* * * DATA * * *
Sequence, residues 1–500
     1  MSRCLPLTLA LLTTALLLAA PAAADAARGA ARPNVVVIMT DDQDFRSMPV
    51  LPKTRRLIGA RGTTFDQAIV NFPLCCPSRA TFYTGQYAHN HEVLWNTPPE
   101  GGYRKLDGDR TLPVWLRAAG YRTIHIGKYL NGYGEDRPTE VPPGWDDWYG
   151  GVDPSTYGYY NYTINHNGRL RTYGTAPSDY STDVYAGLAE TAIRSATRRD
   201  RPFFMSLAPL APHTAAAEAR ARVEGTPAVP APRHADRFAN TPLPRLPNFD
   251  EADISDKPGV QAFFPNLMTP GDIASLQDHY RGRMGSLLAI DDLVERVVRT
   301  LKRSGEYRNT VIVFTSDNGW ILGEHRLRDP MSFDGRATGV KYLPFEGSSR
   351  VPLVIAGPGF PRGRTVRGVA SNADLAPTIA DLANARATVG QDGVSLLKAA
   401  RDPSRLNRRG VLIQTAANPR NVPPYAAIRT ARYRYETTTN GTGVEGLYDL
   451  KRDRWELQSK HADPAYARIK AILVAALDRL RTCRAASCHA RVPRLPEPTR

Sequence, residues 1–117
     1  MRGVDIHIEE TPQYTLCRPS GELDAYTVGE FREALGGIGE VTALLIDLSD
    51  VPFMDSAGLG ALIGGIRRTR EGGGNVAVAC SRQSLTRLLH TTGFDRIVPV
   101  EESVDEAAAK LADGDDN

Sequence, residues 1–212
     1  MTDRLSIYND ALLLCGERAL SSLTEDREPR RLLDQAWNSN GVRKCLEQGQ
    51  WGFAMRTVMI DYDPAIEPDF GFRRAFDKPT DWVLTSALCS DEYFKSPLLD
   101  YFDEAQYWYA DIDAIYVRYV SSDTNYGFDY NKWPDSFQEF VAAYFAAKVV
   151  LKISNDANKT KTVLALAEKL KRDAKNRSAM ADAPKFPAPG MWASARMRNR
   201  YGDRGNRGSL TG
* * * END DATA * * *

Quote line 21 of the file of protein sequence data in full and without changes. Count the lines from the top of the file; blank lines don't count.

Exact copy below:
   201  YGDRGNRGSL TG